Quashawam was born around the year 1640 in Montauk Village, the central settlement of the Montaukett people of eastern Long Island. Her father, Wyandanch, was the sachem, or leader, of the Montaukett.
During Quashawam’s childhood, the Montaukett, Shinnecock, Niantic, English, Dutch, and others competed for control of eastern Long Island, which made life in the area very unstable. Wyandanch made an alliance with the English, and in return, the English named him the alliance chief for all Native communities on eastern Long Island. Not every sachem accepted Wyandach’s oversight, but with the might of well-armed English settlers behind him, he had a lot of authority. Quashawam grew up watching her father balance these complex relationships.
In 1653, Montauk Village was raided by the Niantic, a tribe from Rhode Island that wanted the Montaukett to pay them tribute. Thirty men were killed in the raid, and Quashawam was taken prisoner. Wyandanch called on the English for help, and together they forced the Niantic to return Quashawam for a ransom payment. This episode showed her firsthand how important it was to have powerful allies.
Wyandanch died in 1659. Quashawam’s younger brother was named sachem in his place, but he was too young to lead. Wyandanch’s widow and an Englishman acted as leaders for him, but the Montaukett lost some of their authority with neighboring tribes during this time. Both the widow and the son died during a 1662 smallpox outbreak, leaving Quashawam as Wyandanch’s only heir. She was named the sunksquaw, or female sachem, of the Montaukett.
As sunksquaw, Quashawam worked hard to re-establish the Montaukett as the most powerful tribe in eastern Long Island. In January of 1664, she appears to have sent two representatives to meet with the Dutch leader Peter Stuyvesant. The envoys asked Stuyvesant to support Quashawam in a land dispute with English colonists. By asking the Dutch to get involved, she was trying to create a situation where two of the forces trying to control the region, in this case the Dutch and English, would have to fight with each other instead of trying to control her. If the Dutch and English were occupied in fighting each other, Quashawam could manipulate both sides to get the best outcome for her people. As a sign of her goodwill, she warned Peter Stuyvesant that the English were planning to invade his colony. Unfortunately, Stuyvesant was not interested in working with Quashawam. The Dutch government did not even mention her name in their record of the meeting, referring to her only as “the savage woman.”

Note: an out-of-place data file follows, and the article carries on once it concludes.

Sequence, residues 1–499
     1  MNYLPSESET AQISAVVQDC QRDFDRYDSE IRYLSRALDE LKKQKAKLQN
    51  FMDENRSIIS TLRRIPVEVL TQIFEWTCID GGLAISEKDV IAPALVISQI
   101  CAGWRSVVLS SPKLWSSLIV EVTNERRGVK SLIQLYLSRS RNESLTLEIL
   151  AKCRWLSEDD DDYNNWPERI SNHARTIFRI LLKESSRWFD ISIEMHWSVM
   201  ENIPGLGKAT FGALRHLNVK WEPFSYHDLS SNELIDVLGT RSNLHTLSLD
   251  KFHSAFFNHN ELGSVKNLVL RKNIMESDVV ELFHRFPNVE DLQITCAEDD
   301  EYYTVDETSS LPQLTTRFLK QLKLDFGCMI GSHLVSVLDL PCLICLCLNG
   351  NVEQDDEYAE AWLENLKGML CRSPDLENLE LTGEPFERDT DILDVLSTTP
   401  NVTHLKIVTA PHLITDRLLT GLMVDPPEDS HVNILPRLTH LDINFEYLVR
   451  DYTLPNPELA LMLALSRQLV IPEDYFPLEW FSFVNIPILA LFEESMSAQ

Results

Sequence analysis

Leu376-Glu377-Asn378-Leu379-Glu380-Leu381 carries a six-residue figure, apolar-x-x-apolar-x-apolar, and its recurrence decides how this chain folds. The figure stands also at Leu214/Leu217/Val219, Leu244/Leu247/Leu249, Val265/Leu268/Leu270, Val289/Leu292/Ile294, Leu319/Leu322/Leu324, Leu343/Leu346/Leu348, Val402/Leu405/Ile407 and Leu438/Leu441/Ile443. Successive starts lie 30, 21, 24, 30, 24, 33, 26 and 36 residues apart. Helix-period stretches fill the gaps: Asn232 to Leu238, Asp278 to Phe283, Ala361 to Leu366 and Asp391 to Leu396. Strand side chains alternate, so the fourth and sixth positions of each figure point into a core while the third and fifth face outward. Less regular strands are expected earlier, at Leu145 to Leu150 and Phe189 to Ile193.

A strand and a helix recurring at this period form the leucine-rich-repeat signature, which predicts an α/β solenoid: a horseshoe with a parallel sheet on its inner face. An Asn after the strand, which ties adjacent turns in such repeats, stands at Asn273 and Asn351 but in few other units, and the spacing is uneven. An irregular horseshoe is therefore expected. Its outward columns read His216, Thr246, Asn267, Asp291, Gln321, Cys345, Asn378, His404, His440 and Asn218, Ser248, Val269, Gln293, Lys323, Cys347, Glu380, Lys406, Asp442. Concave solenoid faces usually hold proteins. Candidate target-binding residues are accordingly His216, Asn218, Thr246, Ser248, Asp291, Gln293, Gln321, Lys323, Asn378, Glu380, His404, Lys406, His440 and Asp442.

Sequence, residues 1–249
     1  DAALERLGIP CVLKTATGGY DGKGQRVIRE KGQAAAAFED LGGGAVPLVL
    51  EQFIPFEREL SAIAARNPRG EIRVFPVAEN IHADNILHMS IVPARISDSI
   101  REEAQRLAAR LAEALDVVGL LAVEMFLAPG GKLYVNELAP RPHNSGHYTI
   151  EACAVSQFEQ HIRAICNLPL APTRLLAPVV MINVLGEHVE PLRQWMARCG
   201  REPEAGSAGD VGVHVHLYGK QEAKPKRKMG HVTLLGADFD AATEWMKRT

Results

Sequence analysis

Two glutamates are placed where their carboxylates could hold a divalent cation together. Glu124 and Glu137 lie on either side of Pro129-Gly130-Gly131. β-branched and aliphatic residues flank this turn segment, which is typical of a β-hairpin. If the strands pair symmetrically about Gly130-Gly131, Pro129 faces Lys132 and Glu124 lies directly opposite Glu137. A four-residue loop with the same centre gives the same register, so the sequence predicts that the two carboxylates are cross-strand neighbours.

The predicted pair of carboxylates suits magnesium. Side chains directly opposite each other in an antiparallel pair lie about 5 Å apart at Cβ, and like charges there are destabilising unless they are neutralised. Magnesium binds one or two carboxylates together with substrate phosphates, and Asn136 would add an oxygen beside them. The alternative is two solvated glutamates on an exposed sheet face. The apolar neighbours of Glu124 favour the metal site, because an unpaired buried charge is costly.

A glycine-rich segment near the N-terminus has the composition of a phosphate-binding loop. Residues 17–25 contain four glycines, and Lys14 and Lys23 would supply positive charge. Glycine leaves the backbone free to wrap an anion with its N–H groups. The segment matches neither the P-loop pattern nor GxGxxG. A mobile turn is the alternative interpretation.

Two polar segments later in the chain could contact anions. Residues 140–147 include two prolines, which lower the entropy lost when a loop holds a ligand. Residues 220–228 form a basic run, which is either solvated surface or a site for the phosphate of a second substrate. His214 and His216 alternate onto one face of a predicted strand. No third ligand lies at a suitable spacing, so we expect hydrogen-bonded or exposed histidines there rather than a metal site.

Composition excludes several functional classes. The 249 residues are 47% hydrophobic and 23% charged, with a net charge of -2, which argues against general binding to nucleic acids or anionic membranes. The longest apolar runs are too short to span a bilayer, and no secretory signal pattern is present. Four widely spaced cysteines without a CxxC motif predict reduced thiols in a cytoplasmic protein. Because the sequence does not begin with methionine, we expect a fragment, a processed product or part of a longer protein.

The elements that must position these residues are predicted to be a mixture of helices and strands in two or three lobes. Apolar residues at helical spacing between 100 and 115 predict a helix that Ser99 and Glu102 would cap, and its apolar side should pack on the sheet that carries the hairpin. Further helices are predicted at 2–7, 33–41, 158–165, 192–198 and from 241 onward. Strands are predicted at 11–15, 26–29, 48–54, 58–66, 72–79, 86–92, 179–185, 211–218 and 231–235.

Quashawam did not let the Dutch dismissal slow her down. She was already in talks with the English and the Shinnecock on a different treaty, which she signed within a month of her outreach to the Dutch. In this agreement, the Shinnecock recognized Quashawam as their leader, and promised to support her if members of her own tribe tried to overthrow her rule. Once again, Quashawam pitted two powers against each other to neutralize a threat. In return, Quashawam agreed to represent Shinnecock interests in her dealings with the English, and to protect them from neighboring rivals. She also outlined a list of successors who would become sachem if she died. This kind of succession planning was not typical for Native communities in the Long Island region, but would have made Quashawam’s English allies very happy, because it would ensure stability if she died suddenly. Quashawam’s agreement with the English and Shinnecock reveals that she was a master politician and diplomat.
Quashawam’s agreement with the English and Shinnecock reveals that she was a master politician and diplomat.
On the same day the Shinnecock agreement was signed, Quashawam named an Englishman as her representative in all land sales and transactions moving forward. At first glance, this seems to be an enormous loss of power for Quashawam. But by choosing an Englishman as her representative, she made it possible for her people to settle future land disputes in the English courts, something they could not have done before. Quashawam was creating a scenario where she could use the tools of the colonists against them.
Quashawam’s last major act as sunksquaw secured the short-term safety of her people. In September 1664, the English took over New Netherland (the very invasion Quashawam had tried to warn them about!). In the fall of 1665, Quashawam met with the new governor of New York to settle a land disagreement she was having with local English settlers. In this negotiation, Quashawam got the governor to officially recognize the boundaries of Montaukett land. He also decreed that English colonists should pay the Montaukett for the right to graze their cattle on Montaukett lands. These two concessions protected the Montaukett from the English farmers who were spreading out from the town of Southampton.
Quashawam died shortly after this final victory, probably during a 1666 smallpox outbreak. But in her short time as sunksquaw, she demonstrated how a smart and clever Native leader could manipulate competing powers to improve their status and the security of their community.